Reproductive health and the politics of abortion in Ethiopia, Zambia and Tanzania Organized by Astrid Blystad, Karen Marie Moland, Haldis Haukanes, Getnet TadeleInternational Journal for Equity in Heath From the Introduction The papers in this thematic collection spring out of a comparative and transnational research endeavor on competing normative processes and discourses on abortion and fertility control. The project investigated how international initiatives and national policies articulate with local moralities and practices related to fertility control … Continued
The United Nations Population Fund (UNFPA) has warned against unsafe abortion, which can lead to injury, disability or death among women and girls. UNFPA says there is therefore need to raise awareness among women and clinicians that there is, however, abortion legislation in Zambia that allows women to seek safe abortions at health centres. In a policy brief on “Status of Sexual and Reproductive Health and Rights in Zambia”, UNFPA says safe abortions are legally … Continued
Pregnancy among adolescent girls in Zambia is a significant concern on its own and as a factor in school dropout and early marriage, with one‐third of girls aged 15–19 having experienced pregnancy. Using qualitative and quantitative data from the Adolescent Girls Empowerment Program, we explore transactional sex as a driver of adolescent pregnancy.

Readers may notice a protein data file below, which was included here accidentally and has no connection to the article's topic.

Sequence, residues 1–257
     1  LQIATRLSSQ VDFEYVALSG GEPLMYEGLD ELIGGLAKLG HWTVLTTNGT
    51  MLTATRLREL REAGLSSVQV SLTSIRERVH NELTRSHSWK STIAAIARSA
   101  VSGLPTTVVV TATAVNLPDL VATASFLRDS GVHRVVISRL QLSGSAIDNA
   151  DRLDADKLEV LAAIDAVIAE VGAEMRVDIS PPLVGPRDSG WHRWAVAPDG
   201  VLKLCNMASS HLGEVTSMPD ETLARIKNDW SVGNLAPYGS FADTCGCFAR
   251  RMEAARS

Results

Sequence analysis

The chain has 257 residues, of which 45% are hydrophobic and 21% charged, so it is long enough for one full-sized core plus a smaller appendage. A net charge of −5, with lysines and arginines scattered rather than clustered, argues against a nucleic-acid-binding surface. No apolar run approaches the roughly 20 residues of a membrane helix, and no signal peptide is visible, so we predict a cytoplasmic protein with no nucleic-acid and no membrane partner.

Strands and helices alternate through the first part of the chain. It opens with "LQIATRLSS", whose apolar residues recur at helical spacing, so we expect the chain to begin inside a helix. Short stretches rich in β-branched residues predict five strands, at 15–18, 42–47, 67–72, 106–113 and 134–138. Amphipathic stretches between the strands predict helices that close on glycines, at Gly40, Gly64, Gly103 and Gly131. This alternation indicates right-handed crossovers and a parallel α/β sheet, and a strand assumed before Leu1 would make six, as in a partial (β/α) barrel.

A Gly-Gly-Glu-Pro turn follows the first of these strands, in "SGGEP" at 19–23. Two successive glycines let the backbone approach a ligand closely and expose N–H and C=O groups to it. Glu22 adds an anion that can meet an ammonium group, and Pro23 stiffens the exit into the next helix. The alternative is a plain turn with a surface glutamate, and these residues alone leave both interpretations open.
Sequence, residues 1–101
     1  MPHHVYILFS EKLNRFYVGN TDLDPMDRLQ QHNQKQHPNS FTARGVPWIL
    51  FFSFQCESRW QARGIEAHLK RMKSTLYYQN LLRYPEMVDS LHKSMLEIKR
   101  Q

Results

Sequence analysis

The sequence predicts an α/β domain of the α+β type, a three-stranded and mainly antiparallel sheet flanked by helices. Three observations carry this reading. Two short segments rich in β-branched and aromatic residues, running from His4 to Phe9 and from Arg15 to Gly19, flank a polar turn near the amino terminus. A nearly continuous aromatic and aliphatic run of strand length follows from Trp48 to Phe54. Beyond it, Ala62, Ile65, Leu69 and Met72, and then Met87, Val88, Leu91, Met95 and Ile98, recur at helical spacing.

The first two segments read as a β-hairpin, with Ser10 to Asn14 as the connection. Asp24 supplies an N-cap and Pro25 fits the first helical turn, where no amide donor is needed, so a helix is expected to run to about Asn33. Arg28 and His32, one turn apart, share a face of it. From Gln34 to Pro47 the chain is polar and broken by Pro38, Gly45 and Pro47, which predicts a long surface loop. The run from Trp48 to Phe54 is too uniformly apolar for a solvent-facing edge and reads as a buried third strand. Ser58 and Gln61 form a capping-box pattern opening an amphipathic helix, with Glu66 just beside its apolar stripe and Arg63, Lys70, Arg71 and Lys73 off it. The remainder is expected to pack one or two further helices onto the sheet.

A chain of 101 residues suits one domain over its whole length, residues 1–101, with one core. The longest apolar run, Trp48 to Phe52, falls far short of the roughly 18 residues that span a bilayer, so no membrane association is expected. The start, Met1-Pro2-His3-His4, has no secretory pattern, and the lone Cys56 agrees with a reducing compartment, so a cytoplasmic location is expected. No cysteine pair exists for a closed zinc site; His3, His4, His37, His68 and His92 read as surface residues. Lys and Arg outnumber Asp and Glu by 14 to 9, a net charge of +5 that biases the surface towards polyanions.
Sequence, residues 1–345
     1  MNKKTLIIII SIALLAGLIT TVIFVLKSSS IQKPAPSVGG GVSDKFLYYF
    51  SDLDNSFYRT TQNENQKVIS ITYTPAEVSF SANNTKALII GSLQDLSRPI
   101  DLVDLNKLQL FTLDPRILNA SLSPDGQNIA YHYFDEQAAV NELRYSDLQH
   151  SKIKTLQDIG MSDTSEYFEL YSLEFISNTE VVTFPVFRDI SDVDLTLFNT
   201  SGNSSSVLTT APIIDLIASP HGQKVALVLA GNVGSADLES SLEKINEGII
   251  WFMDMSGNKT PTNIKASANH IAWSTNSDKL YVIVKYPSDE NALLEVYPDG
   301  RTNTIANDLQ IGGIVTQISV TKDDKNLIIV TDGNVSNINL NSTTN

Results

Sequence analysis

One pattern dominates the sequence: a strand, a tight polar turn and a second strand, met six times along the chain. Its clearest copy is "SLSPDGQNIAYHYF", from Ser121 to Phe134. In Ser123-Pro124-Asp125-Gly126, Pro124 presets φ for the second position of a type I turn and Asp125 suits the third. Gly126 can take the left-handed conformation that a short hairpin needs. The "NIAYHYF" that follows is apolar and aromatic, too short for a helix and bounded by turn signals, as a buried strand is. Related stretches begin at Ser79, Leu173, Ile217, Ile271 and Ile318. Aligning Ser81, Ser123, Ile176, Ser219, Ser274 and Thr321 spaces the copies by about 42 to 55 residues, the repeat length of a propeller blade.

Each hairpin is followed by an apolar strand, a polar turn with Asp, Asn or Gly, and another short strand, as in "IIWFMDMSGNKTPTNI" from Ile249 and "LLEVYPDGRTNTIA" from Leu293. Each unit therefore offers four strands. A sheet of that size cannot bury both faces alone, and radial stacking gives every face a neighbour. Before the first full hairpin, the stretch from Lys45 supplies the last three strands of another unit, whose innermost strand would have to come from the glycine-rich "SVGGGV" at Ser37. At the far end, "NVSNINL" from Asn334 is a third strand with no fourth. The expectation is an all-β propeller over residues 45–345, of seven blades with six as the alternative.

by Marte E S Haaland, Haldis Haukanes, Joseph Mumba Zulu, Karen Marie Moland, Charles Michelo, Margarate Nzala Munakampe, Astrid Blystad International Journal for Equity in Health 2019 January;18:20 DOI: 10.1186/s12939-018-0908-8 (Open access) Abstract Introduction The Zambian Termination of Pregnancy Act permits abortion on socio-economic grounds, but access to safe abortion services is limited and this constitutes a considerable problem for rights to sexual and reproductive health. The case of Zambia provides an opportunity to explore the relationship between … Continued
This in-depth study of conscientious objection to abortion provision in Zambia is based on qualitative interviews (n=51) with practitioners working across the health system who object and do not object to providing abortion services in accordance with their cadre. Interviews were conducted in September 2015. Regardless of whether practitioners self-identified as providers or non-providers of abortion services, they presented similar religiously-informed understandings of abortion as a morally-challenging practice that is, or not, shifted from iniquity to acceptability based on the reasons for which it has been requested or the likelihood of unsafe abortion if services are not provided.